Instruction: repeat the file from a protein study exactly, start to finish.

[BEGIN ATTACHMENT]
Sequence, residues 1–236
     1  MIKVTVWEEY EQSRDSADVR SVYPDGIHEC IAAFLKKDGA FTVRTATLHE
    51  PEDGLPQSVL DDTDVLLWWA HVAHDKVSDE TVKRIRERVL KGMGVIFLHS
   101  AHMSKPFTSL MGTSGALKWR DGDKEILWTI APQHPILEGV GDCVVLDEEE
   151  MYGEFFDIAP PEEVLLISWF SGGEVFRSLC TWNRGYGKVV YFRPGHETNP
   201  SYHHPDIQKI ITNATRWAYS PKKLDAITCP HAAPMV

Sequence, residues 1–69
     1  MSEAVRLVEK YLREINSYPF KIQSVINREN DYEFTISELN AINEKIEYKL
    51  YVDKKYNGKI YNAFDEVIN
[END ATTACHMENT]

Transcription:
Sequence, residues 1–236
     1  MIKVTVWEEY EQSRDSADVR SVYPDGIHEC IAAFLKKDGA FTVRTATLHE
    51  PEDGLPQSVL DDTDVLLWWA HVAHDKVSDE TVKRIRERVL KGMGVIFLHS
   101  AHMSKPFTSL MGTSGALKWR DGDKEILWTI APQHPILEGV GDCVVLDEEE
   151  MYGEFFDIAP PEEVLLISWF SGGEVFRSLC TWNRGYGKVV YFRPGHETNP
   201  SYHHPDIQKI ITNATRWAYS PKKLDAITCP HAAPMV

Sequence, residues 1–69
     1  MSEAVRLVEK YLREINSYPF KIQSVINREN DYEFTISELN AINEKIEYKL
    51  YVDKKYNGKI YNAFDEVIN